HM Revenue and Customs Brief 31/11
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Issued on 3 August 2011
Excise duty: notification of inclusion of fuel additives
within Control and Movement Directive
Purpose of this brief
This Revenue & Customs brief provides information on
changes that are being made to the treatment of fuel additive products
falling under commodity code 3811. These changes will take effect from
1 July 2012.
Who needs to read this?
If you produce and/or import fuel additives covered by the
commodity code 3811 you may be affected by a change to EU treatment
that will alter the status of the goods. Commodity code 3811 includes
anti-knock preparations, oxidation inhibitors, viscosity improvers,
anti-corrosive preparations and other prepared additives, for mineral
oils (including gasoline) or for other liquids used for the same
purposes as mineral oils.
This change means that the goods are subject to EU control and
movement provisions and that they will have to travel under Community
duty suspension arrangements between approved tax warehouses. Movements
of fuel additives will be controlled using the electronic Excise
Movement and Control System (EMCS). If you do not have tax warehouse
approval excise duty will be due on production and/or importation.
A European Court of Justice (ECJ) decision on 18 December 2008
ruled that hydrocarbon oils duty must be applied to fuel additives,
because they are either mineral oils, or special energy products. The
ECJ ruling upheld the UK's long-held policy that fuel additives were
subject to excise duty. However, under the Energy Tax Directive
(2003/96/EC Article 20(1)) additives classified under commodity (CN)
code 3811 do not have to be warehoused and held or moved in duty
suspension as other motor and heating fuels have to be.
As a result of the ECJ ruling, the Netherlands formally
requested that products with CN codes 3811 should be subject to the
provisions contained within Directive 2008/118. This Directive repealed
the previous Holding and Movement Directive 92/12/EEC.
We have informally consulted businesses likely to be affected
by this proposal through our regular trade contacts. A small number of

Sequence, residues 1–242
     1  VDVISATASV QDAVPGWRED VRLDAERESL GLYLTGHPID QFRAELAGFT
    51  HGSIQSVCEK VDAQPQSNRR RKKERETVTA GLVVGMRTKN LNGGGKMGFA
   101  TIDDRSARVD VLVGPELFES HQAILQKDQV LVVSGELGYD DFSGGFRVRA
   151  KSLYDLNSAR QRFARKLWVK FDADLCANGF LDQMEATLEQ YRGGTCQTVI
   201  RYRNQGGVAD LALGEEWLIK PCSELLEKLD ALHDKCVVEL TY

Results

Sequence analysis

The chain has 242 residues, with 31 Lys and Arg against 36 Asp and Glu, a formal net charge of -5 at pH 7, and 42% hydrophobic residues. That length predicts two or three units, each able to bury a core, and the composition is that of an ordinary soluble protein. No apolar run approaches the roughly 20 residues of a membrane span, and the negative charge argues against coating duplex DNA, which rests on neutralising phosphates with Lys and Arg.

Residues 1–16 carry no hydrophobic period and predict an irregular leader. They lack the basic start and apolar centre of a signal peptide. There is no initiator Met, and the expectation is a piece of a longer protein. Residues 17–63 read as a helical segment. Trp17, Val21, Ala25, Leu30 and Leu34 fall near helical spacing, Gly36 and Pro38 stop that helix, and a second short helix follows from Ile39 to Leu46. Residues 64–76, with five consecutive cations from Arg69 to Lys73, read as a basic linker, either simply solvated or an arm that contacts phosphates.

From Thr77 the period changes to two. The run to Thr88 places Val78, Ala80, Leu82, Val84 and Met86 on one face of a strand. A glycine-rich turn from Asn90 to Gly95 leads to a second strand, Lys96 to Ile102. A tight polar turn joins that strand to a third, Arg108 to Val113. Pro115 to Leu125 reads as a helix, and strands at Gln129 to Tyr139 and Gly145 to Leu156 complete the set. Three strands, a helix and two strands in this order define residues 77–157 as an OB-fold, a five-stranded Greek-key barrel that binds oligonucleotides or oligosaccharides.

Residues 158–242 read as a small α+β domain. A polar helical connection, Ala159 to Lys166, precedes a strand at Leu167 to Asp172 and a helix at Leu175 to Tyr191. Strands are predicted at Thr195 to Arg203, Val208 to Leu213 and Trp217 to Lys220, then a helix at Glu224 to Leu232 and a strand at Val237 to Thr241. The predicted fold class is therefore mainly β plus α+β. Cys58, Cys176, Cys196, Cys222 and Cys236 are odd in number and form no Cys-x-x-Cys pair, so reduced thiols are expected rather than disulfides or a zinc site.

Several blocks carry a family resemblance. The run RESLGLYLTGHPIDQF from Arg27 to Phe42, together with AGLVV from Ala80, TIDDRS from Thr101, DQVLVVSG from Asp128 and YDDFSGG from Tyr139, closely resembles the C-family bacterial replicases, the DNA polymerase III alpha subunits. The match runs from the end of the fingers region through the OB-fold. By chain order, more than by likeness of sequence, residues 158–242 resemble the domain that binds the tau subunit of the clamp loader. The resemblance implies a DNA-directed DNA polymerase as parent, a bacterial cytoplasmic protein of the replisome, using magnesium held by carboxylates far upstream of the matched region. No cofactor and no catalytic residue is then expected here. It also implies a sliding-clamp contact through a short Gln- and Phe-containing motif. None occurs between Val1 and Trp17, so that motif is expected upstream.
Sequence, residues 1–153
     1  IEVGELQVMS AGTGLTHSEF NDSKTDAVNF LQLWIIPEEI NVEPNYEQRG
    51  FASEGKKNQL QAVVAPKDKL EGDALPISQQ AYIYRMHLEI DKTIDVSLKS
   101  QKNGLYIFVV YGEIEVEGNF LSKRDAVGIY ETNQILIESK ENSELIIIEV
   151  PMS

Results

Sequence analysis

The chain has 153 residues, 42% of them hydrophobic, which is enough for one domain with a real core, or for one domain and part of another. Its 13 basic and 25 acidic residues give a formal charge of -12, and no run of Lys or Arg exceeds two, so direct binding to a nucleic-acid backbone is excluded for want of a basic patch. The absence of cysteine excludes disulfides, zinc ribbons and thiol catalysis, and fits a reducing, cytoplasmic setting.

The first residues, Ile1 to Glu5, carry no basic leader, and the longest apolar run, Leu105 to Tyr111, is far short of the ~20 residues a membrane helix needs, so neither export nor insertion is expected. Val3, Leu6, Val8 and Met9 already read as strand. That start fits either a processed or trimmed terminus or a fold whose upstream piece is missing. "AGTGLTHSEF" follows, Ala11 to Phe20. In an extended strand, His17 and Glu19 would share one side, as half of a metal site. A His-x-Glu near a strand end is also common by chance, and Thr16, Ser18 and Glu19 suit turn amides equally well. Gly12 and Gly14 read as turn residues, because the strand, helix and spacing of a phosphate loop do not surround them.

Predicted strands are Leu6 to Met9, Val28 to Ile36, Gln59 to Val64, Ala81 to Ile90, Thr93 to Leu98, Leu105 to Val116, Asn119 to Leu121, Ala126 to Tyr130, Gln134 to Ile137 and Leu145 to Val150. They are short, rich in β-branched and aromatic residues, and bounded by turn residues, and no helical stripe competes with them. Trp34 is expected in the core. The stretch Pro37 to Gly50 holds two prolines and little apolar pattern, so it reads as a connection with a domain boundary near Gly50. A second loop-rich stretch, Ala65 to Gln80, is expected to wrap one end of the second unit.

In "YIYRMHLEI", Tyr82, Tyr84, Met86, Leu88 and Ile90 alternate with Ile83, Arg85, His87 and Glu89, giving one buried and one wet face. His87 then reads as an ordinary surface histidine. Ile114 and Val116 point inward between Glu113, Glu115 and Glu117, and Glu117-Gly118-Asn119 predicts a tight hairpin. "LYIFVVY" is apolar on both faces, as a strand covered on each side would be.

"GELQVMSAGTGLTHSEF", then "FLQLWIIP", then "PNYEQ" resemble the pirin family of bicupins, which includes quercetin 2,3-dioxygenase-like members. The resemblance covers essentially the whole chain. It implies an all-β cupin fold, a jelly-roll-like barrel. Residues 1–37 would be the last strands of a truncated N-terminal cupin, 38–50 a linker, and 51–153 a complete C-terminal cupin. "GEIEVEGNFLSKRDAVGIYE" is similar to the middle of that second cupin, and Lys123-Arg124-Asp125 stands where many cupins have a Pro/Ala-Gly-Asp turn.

the small and medium-sized companies consulted expressed a strong
reaction against this move. They cite increased costs and more time
spent completing Electronic Accompanying Documents (eAD). Larger
companies that we consulted via the relevant trade body (UKPIA) were
largely supportive of the proposal, saying that a consistent approach
may be an advantage. However, despite these supportive comments, most
were not prepared to go further than this and were largely ambivalent
about the need for change. The UK delegation has consistently argued
against this proposal as we do not accept that there is a need for
change. We are also concerned about the extra administrative burden
that will be placed on some affected businesses.
Excise Committee decision
This proposal was formally debated and voted on by EU Member
States at the Excise Committee on 8 July 2011. The UK voted against it,
but the proposal was adopted under qualified majority voting
As a result fuel additives will become subject to the Control
and Movement Directive (2008/118) from 1 July 2012. This represents a
six month deferment from the original date proposed by the Commission.
We intend to use this period to publicise the changes and offer help
and advice to affected businesses.
What do I need to do now?
You may already be approved as a tax warehouse, in which case
you will not need to apply for re-approval. However, you will need to
amend your approval to include fuel additives within your existing
approval. You can find out how to amend your approval from the guidance
contained in section 4 of Notice
196 Excise goods: authorisation of warehousekeepers and approval of
If you do not have warehouse approval, and you wish to move
these products under duty suspension arrangements, you should apply
following the guidance in section 3 of Notice 196. If you do not apply
for approval as a tax warehouse, then you will have to account for
excise duty upon production or importation of the goods.
Fuel additives are treated in the same way as other oil
products that move under duty suspension arrangements. The products
must move between tax warehouses and with the relevant accompanying
document. These are called Electronic Accompanying Documents (eAD)
which are submitted using the EMCS provisions.
Please see Public
Notice 179 for further details on oils warehousing. General
warehousing and movement issues are covered by
Public Notice 197.
Read the EMCS guidance.
Further help and advice can be obtained from the Oils Policy
team in Manchester:
Tel: 0161 827 0910
About the Author
© Crown Copyright 2011.
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for educational / informational purposes only. Article reproduced by
permission of HM Revenue & Customs.
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Article Published/Sorted/Amended on Scopulus 2011-08-04 14:25:12 in Tax Articles